Welcome Home

This is based on today’s lectionary reading, Luke 15:1-3, 11-32, but it also works with the theme of Lent 4 and returning to Mother Church (which is liturgically what today is about, rather than celebrating mothers…), and fits in with this weeks reading from  Christ in the Wilderness by Bishop Stephen Cottrell, published by SPCK, reflecting on Stanley Spencer’s paintings of that title – this week specifically The Foxes Have Holes (seen here).

I thought I knew better.

I thought I could do it my way.

I wanted freedom,

fun,

life

now

without waiting.

I wanted to be my own person.

Splash the cash,

enjoy life…

But money goes.

I found out it is lonely out there.

I discovered some things are more important.

The grass wasn’t greener on the other side

– without you it is much much drier and browner.

What was I thinking?

What have I done?

 

I’m not fit to be thought of as your child,

but I’d rather be your servant than live this existence.

Hungry,

afraid,

alone,

I return home to you.

I’m going to come and beg

for understanding,

for forgiveness,

for a place on your staff.

Where I will be cared for,

and fed.

But as I turn for home,

I see someone looking,

waiting,

searching.

I see you

running towards me,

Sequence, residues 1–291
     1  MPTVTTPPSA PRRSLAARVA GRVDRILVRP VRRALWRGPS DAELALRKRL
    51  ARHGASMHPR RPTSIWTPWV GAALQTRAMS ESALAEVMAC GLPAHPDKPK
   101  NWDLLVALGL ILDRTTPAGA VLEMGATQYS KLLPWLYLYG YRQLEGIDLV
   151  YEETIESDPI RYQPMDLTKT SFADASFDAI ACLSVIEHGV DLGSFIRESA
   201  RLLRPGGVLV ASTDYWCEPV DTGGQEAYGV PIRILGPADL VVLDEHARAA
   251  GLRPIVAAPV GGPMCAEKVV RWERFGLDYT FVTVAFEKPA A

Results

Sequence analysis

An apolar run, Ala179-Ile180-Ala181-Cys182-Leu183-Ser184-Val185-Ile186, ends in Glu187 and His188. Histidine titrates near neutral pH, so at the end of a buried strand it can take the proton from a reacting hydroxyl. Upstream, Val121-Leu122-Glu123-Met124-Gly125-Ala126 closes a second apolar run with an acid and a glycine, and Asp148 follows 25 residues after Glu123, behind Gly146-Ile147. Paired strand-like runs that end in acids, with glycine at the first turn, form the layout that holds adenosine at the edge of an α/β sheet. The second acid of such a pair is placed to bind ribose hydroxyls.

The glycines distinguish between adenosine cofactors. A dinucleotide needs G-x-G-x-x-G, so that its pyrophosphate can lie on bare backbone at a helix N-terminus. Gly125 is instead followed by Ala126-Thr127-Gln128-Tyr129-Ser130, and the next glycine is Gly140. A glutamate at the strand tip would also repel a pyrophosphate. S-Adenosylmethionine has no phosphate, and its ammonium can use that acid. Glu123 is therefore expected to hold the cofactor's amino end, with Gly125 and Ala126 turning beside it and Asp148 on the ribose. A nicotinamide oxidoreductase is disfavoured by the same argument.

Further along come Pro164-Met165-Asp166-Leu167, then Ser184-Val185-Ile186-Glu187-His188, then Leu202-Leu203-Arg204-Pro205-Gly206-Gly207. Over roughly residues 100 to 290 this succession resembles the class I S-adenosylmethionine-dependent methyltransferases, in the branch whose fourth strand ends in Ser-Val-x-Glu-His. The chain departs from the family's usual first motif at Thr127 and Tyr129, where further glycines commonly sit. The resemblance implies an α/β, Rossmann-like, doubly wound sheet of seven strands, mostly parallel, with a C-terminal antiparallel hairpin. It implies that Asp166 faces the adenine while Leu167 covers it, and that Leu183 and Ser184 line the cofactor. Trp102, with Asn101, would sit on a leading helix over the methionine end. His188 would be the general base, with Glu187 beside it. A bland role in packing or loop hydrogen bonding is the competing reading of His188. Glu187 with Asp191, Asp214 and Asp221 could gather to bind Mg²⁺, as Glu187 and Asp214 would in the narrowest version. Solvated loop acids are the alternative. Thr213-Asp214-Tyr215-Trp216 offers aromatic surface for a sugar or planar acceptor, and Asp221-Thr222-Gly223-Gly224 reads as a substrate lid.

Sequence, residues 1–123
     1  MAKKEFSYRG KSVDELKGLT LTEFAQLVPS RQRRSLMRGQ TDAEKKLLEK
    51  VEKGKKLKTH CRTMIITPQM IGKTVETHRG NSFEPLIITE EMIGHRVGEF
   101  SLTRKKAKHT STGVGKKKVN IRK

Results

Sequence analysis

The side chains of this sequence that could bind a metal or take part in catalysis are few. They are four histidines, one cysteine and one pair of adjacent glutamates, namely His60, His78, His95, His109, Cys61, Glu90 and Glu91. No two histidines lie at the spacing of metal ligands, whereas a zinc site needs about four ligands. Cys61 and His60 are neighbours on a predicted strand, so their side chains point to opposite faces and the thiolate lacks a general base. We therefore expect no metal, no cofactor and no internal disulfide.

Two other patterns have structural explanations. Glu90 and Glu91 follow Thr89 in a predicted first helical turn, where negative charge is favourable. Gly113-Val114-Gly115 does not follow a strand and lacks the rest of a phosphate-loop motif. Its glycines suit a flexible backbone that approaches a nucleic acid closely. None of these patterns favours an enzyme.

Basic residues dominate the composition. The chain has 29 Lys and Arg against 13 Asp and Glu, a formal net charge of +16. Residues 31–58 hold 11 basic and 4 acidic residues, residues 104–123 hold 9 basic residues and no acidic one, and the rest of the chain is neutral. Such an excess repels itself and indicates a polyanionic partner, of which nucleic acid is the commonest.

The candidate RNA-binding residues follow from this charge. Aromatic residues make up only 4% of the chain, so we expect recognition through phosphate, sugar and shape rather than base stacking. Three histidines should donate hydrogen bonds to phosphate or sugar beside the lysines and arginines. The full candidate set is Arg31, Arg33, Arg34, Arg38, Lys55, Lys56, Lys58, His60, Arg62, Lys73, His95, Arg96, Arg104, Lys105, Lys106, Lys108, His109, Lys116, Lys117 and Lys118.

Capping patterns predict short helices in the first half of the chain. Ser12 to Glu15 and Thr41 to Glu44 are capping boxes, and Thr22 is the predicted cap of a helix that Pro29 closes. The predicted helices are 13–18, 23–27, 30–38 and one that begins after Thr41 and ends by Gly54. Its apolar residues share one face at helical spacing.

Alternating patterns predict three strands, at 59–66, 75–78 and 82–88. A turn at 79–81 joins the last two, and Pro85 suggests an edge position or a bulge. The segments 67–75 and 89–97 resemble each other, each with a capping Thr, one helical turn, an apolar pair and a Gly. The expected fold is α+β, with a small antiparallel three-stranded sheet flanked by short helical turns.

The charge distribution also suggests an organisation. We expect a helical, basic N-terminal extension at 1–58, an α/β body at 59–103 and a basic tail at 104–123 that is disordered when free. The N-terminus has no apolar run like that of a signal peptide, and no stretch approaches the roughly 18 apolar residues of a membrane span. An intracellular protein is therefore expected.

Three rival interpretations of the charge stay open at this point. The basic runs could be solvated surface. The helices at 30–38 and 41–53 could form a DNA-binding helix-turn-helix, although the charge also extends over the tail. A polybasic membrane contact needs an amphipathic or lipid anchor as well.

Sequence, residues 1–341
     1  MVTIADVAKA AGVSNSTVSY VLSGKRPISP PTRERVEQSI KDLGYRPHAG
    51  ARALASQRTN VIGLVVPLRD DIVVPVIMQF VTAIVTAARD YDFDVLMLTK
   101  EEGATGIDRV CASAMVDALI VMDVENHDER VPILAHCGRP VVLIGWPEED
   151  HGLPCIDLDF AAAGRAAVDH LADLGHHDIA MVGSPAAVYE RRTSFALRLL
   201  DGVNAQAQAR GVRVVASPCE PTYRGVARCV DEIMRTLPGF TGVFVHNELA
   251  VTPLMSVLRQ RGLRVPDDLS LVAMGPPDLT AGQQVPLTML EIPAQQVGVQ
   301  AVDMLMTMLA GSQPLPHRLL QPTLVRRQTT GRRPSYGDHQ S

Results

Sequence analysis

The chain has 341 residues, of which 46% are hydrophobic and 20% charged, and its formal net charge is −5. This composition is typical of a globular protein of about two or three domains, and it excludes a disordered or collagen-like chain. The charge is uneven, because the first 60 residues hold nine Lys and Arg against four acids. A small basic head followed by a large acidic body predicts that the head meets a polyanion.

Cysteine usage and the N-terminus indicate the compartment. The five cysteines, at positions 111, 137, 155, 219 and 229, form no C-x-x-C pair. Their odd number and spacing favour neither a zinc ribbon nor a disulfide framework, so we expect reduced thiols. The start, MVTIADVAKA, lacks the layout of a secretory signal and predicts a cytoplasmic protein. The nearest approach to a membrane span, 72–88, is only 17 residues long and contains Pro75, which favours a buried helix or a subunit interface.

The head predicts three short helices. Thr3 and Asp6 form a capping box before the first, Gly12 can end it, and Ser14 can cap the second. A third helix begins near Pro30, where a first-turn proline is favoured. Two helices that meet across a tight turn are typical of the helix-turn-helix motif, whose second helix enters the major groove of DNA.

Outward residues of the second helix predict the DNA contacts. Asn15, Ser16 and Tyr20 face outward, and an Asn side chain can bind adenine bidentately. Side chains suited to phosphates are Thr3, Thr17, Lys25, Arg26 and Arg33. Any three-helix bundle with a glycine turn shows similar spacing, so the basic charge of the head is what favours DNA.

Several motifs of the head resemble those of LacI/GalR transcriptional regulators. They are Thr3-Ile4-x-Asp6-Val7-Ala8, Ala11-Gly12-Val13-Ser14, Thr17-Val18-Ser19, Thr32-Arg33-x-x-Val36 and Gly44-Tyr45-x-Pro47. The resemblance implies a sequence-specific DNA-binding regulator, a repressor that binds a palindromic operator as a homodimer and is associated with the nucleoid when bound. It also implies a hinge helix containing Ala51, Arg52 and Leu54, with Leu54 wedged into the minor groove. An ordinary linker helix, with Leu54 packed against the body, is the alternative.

flinging your arms around me,

welcoming me home.

Not taking me as a slave,

but welcoming me back into your family.

I am not good enough,

but you accept me

and rejoice over me,

I am back with you.

This is where I belong.

~ by pamjw on March 10, 2013.

10 Responses to “Welcome Home”

  1. Wow. Just…wow.

  2. Reblogged this on St. Val the Eccentric and commented:
    An amazing poetic treatment of this parable, deserves a reblog here.

  3. Beautiful piece. I could equally say beautiful peace 🙂

    Love this and also reblogging.

    Very well chosen pictures also.

    Thanks for sharing.

  4. Reblogged this on Through Another Lens and commented:
    Wonderful, creative, redemptive. From Pam’s Perambulation blog 🙂

  5. beautiful poem, Pam. Beautiful. Didn’t know you were a poet…

Leave a Reply

Fill in your details below or click an icon to log in:

WordPress.com Logo

You are commenting using your WordPress.com account. Log Out /  Change )

Google photo

You are commenting using your Google account. Log Out /  Change )

Twitter picture

You are commenting using your Twitter account. Log Out /  Change )

Facebook photo

You are commenting using your Facebook account. Log Out /  Change )

Connecting to %s

 
%d bloggers like this: